Yes, It gets better: but not so much better that you can, say, join the U.S. military without having to pretend you're not who you are, and forego the legal protections straight enlistees enjoy. "I support your differences! Up to a point." That's the message, loud and clear.

Bob Guccione, RIP

Bob Guccione, founder of much-loved and much-missed science fiction magazine Omni, died yesterday of cancer in a Plano, TX hospital.

Guccione also won fame as the producer of the classic seventies epic Caligula.

A Rolling Stone profile from 2004 is worth a revisit on this day: The Twilight of Bob Guccione.

(Thanks, Rob Beschizza)

Derren Brown's Confessions of a Conjuror: funny memoir is also a meditation on attention, theatrics and psychology

Mentalist/magician Derren Brown’s new memoir, Confessions of a Conjuror, is a very odd sort of book. Technically, it’s a kind of autobiography, but what it really is is a kind of meandering shaggy dog story that presents narrative in the same way that a great conjuror presents a trick.

Read the rest

"It Gets Better" video from Google employees

This is pretty great. A video contribution to the "It Gets Better" project from employees of Google. Video Link.

R2D2, the bathing-suit edition


The Artoo bathing suit from Australian designer James Lillis will make help you blend in on the sandy beaches of Tatooine.

Artoo (via JWZ)

iPhone captures drama at the bird feeder

Dusty Trice Submitterated this video and says, "I wedged my iPhone inside a bird feeder and recorded an hour of video. I captured this awesome HD extreme close-up of a woodpecker eating seeds and battling a red-winged blackbird."

The Mostly Forgotten Legend of Coal Oil Johnny

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Sort of a proto-J.R. Ewing crossed with Johnny Appleseed, Coal Oil Johnny was a folk hero/cautionary tale from America's first big oil boom (and, subsequently, first big oil bust). At the Atlantic, Alexis Madrigal writes about how the real-life John W. Steele made a fortune when oil was found under his Pennsylvania land in the 1860s—and how Steele then hemorrhaged so much of that cash, so fast, that his wastefulness and eventual return to poverty became the stuff of legend.

He even had a steed to match Bunyan's blue ox. She was a small horse named Bess, and she had fine tastes, too. Legend has it that one night in Braddock, Pennsylvania, Johnny rode her right into a bar on his way to a good time.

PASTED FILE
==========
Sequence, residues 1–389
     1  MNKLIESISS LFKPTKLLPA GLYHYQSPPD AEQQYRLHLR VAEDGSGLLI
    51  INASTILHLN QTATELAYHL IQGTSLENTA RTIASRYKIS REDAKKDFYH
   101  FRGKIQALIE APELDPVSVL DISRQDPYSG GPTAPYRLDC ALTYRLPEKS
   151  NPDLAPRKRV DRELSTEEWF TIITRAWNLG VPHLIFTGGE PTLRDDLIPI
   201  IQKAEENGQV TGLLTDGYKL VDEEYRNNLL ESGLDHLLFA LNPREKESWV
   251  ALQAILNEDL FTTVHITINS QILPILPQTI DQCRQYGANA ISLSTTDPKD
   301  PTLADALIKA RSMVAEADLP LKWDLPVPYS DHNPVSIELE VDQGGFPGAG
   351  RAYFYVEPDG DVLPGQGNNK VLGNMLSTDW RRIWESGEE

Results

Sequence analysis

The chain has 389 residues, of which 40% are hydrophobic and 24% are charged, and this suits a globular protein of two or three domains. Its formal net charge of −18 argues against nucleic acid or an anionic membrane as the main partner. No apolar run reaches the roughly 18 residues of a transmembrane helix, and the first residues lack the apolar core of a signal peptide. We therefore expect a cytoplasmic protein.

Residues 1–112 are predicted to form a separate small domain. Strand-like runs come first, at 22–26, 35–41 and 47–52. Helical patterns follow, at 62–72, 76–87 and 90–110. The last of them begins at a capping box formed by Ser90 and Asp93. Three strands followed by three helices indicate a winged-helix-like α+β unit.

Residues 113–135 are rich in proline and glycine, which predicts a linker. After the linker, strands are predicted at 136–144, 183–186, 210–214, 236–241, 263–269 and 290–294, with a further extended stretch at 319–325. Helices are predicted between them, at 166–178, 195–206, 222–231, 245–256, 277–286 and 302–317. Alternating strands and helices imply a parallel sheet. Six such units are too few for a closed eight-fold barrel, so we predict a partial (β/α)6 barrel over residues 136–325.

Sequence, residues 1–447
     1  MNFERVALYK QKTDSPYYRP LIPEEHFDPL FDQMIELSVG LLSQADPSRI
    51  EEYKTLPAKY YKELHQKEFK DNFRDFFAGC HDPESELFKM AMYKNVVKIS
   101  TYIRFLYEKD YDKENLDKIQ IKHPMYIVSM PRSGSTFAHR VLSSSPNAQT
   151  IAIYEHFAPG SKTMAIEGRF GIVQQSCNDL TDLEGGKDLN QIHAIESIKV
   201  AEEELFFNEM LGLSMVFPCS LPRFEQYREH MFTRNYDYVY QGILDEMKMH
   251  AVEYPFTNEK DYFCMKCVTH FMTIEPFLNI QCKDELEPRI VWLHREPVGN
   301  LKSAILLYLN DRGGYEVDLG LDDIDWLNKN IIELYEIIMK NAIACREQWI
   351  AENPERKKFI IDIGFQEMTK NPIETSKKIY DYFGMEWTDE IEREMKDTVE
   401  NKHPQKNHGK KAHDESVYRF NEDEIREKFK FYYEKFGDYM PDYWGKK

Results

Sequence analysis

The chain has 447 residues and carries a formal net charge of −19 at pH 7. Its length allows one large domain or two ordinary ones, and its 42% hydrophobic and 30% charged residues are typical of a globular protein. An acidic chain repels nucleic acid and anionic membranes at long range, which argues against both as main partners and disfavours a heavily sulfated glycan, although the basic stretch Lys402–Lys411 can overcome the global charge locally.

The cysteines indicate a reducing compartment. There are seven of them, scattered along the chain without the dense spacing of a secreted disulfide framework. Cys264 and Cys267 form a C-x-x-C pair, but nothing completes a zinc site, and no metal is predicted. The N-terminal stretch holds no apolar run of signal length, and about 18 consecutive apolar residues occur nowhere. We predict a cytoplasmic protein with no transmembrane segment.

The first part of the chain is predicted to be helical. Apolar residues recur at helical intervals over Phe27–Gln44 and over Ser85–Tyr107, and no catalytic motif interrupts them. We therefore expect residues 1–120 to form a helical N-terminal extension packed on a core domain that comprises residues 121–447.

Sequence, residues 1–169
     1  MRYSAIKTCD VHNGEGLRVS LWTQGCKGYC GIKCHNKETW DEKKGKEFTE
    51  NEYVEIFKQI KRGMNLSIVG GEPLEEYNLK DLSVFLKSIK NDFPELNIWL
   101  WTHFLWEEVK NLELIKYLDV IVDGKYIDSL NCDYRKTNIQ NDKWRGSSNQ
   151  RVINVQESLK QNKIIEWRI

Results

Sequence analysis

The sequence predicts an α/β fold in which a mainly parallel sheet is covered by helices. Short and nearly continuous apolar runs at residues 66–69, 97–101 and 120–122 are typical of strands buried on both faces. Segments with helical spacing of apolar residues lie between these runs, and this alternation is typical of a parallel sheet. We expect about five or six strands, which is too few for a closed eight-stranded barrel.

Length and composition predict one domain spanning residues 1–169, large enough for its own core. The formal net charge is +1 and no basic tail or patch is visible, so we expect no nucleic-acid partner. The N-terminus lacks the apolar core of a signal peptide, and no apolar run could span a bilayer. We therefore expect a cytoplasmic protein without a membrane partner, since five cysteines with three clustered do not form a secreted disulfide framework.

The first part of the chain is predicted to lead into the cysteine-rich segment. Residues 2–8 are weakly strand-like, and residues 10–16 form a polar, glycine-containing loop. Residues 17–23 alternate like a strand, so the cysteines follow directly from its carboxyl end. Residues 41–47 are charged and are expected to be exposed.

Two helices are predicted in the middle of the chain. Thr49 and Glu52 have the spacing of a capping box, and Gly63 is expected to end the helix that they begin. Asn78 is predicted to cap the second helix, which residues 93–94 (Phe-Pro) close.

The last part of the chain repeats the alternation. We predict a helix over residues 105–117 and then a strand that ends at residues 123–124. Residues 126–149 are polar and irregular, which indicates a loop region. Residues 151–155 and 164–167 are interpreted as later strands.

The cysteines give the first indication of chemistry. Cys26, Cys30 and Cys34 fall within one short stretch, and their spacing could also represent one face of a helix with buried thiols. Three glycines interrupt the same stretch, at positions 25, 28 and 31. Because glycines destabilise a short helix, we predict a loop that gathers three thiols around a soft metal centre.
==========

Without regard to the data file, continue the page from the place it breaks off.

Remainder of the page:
"He didn't know a soul but that didn't matter," the Perrysburg Journal of Ohio wrote more than 20 years later. "'I'm Johnny Steele. Close the doors and every one make a night of it with me. Give Bess a bottle of champagne to start with."

..."It was wealth from nowhere," said Brian Black, a historian at Pennsylvania State, who wrote the book Petrolia, about those early oil years. "Somebody like that was coming in without any opportunity or wealth and suddenly has a transforming moment. That's the magic and it transfers right through to the Beverly Hillbillies and the rest of the mythology."

And then the oil ran out, just a couple of decades after the first black gold came bubbling out of the underworld. The first oil region, like Coal Oil Johnny, ended up just as poor as it had been before the strike, even if the oil fat cats made a pretty penny.

"Coal Oil Johnny personifies what the whole country learned from the Pennsylvania oil boom," Black said.

The Atlantic: The Legend of Coal Oil Johnny, America's Great Forgotten Parable

Photos from Japanese pop-singer's abandoned house


Urban explorers in Japan infiltrated the ruins of faded pop-singer Shouji Masakatsu's old home, and photographed the haunting abandoned gear and environs.

An old enka singer's house haikyo (Thanks, Mike!)

New York Times belatedly discovers ayahuasca tourism

Whatever, man. I liked ayahuasca before it sold out and went all mainstream.

Buddhist tee: This Body Will Be a Corpse

Steve Silberman sez, "'This body will be a corpse' - a dramatic reminder of impermanence from Ethan Nichtern's Interdependence Project:" "Wearing this tee is a reminder to stay in touch with the reality of impermanence as well as a way to support the efforts of the Interdependence Project."

"This Body Will Be A Corpse" Organic Cotton Tee (Thanks, Steve, via Submitterator)